Nicola Dandridge, Chief Executive of Universities UK – Higher education applications up in total, but universities are still having to work hard to encourage women into technology and engineering


The Chief Executive of Universities UK, Nicola Dandridge, is responsible for the leadership and management of the organisation, having been appointed by the UK Board in September 2009. Universities UK is the membership organisation and definitive voice for universities in the UK, providing leadership and support to members, to promote a successful and diverse higher education sector. Nicola was previously Chief Executive of the Equality Challenge Unit and prior to this, she was a lawyer, qualified in both England and Scotland and working in private practice.

Nicola Dandridge - Universities UK

Nicola Dandridge

Earlier in July, UCAS published statistics on all full-time undergraduate applications submitted on time for the 30 June deadline – the final chance for applicants to submit a selection of university and college choices through the main scheme.

Universities UK opinion

It is encouraging to see the numbers applying to university increasing again this year, demonstrating the widespread recognition of the importance of a university degree and the positive impact it has on people’s lives and the economy.

Importance of a university degree in a global, knowledge-based economy

The opportunities afforded by higher education are not just there for young people, but also for people of any age. It is therefore particularly good to see an increase of nearly 9,000 more mature students compared to last year. We are a knowledge-based economy and rely increasingly on people to develop their skills throughout their lives.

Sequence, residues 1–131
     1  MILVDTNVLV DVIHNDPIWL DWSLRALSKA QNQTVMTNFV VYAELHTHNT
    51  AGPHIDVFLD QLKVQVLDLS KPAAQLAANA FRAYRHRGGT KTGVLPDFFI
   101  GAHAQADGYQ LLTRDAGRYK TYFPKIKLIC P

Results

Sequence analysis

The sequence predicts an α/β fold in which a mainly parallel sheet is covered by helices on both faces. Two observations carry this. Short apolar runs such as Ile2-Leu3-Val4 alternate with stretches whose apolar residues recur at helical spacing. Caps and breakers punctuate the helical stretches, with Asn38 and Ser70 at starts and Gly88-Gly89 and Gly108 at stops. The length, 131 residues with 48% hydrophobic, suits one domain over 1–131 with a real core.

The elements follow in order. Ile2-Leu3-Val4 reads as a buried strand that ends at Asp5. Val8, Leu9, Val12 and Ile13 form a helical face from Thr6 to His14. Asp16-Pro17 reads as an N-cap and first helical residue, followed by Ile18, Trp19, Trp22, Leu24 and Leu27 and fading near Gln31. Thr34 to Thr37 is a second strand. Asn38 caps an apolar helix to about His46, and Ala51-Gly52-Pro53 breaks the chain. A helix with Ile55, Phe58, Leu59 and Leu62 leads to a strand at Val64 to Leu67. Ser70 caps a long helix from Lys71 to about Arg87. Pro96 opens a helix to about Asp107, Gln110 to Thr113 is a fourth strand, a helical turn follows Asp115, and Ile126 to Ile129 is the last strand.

The increase in applicants applying for subjects such as engineering and computing is also welcome. Those subjects play a vital role in meeting the skills needs of UK employers in globally competitive industries.

Universities still having to work hard to boost applications from women in technology and engineering

However, it is still a concern that the number of women applying to study these courses remains disproportionally low when compared to the number of male applicants. Universities are aware of this and continue to work hard to encourage women into technology and engineering through their outreach activities.

While today’s figures are good news, we would highlight the need for any government after the next General Election to develop a student funding system that is sustainable, supports affordable expansion, drives social mobility and produces the skilled graduates that the economy needs.

The UCAS statistics can be seen here:

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